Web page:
British socialism at work: Schools face millions of pounds in cuts for being prudent

Thousands of schools face having hundreds of millions of pounds cut from their budgets as a punishment for being prudent. A third of schools, including nurseries and special schools, have amassed almost £500 million in surplus cash in case of future cutbacks, official figures revealed. The league table was produced by the Government, which wants to name and shame the 7,196 schools with “excessive balances” that it accuses of hoarding money. It is the first time that schools have been ranked according to their account balances.

Ministers warned that head teachers must discuss handing the money back with their local council or face being forced to pay it back under new laws to be introduced next year.

Teachers’ leaders accused the Government of punishing schools for careful financial management and said that there should be no limit on the amount that schools can save. Most of the money was allocated for buildings and other projects, they said. Christine Blower, general secretary of the National Union of Teachers, said: “There should not be an artificial ceiling on planned expenditure. If a school can demonstrate it has proper plans for the money then they should be able to keep it to spend later. It is only unacceptable if a surplus is being saved for no purpose as the money is lost to the system.”

Thousands of head teachers have saved an average of £70,000 to spend on books, salaries and IT equipment in case of funding shortages while some have run up budget deficits of £75,000. But as town hall budgets are squeezed this year, council leaders will be tempted to raid school coffers. They have powers, rarely used up to now, to recall money if head teachers at secondary schools have saved more than 5 per cent of their budgets, or more than 8 per cent at primary level.

Vernon Coaker, the Schools Minister, said that the surpluses were too high. “While it is clearly sound financial management for schools to retain a small surplus from year to year, we expect revenue funding to be used to support the education and wellbeing of pupils in school now,” he said. “It is, however, important that schools spend their funds wisely while ensuring best value for money.” A report by the National Audit Office last June warned that hoarding was not good value for the taxpayer. But this is the first time that the schools doing so have been named.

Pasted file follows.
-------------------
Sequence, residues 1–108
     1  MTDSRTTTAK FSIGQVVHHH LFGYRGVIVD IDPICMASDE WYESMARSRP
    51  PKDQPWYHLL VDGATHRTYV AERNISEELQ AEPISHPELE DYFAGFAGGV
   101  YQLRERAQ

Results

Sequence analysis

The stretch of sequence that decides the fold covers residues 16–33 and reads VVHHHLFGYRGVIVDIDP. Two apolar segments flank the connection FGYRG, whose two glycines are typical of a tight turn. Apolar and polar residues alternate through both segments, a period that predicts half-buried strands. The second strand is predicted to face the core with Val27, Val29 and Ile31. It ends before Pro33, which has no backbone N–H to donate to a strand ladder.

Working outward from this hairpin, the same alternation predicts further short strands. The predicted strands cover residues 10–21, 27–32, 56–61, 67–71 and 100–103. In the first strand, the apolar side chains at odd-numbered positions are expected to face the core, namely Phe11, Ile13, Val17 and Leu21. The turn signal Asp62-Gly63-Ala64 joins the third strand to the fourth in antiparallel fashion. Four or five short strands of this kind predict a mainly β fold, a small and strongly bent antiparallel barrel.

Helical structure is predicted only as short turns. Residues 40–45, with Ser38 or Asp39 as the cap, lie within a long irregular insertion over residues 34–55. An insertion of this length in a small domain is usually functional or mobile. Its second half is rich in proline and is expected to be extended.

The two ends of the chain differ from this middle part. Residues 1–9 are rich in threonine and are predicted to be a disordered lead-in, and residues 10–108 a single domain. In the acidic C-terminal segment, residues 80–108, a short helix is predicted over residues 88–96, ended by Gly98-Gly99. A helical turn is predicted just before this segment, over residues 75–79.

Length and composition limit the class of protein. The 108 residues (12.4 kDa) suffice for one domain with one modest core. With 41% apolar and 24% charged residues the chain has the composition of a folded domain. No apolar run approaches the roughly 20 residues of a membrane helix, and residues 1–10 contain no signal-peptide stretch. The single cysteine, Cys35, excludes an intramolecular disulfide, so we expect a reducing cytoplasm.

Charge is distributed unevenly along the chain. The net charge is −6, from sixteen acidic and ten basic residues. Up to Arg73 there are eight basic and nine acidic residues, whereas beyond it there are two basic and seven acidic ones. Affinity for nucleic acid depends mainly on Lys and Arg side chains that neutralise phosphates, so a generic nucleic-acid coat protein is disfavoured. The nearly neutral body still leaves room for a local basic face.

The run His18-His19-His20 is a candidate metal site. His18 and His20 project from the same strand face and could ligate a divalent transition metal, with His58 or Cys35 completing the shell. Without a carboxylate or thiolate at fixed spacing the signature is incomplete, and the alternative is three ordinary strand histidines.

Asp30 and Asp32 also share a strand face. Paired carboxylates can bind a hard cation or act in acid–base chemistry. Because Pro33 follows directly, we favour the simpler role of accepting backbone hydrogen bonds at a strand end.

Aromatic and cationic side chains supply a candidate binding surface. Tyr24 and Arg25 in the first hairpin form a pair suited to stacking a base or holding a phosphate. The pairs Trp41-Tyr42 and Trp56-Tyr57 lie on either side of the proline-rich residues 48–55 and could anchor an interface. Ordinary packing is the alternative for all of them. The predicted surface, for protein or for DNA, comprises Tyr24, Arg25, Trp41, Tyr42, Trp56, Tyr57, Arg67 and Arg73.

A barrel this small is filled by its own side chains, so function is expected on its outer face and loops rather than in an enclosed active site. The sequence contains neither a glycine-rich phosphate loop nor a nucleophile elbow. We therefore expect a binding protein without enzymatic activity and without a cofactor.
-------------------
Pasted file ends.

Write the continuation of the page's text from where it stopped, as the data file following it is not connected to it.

Ed Balls, the Schools Secretary, said this week that he would increase spending on education. But head teachers fear that spending cuts will come whichever party wins the coming election and have braced themselves by holding money back rather than spending the entire budget.

Mark Wallace, campaign director at the TaxPayers’ Alliance, said that it was wrong to punish schools that had been careful. “There will be no incentive for schools to do anything that comes in under budget or to set anything aside for a rainy day,” he said. “Schools will simply spend as much as they possibly can and there won’t be a pound left. “We have got to avoid huge amounts of money festering, but simply allowing it to be scavenged and punishing the organisation that was wise enough to save is quite foolish.”

Town halls can decide case-by-case to recall the money but must spend it on education provision. A spokeswoman for Tower Hamlets Council in London, which has the most schools in the top 20 surpluses, said: “The local authority takes the issue of surplus school balances extremely seriously and works very closely with schools to ensure these are managed carefully. Schools with surplus balances have approved three-year expenditure plans which are monitored regularly.”

Vanessa Ogden, head of the Mulberry School in Tower Hamlets, which has an uncommitted budget surplus of £3,474,270, refused to comment. The council said: “Plans are already in place for Mulberry School to use their surplus balance to expand provision for pupils at the school and a local partner primary school, as well as to build new community facilities.”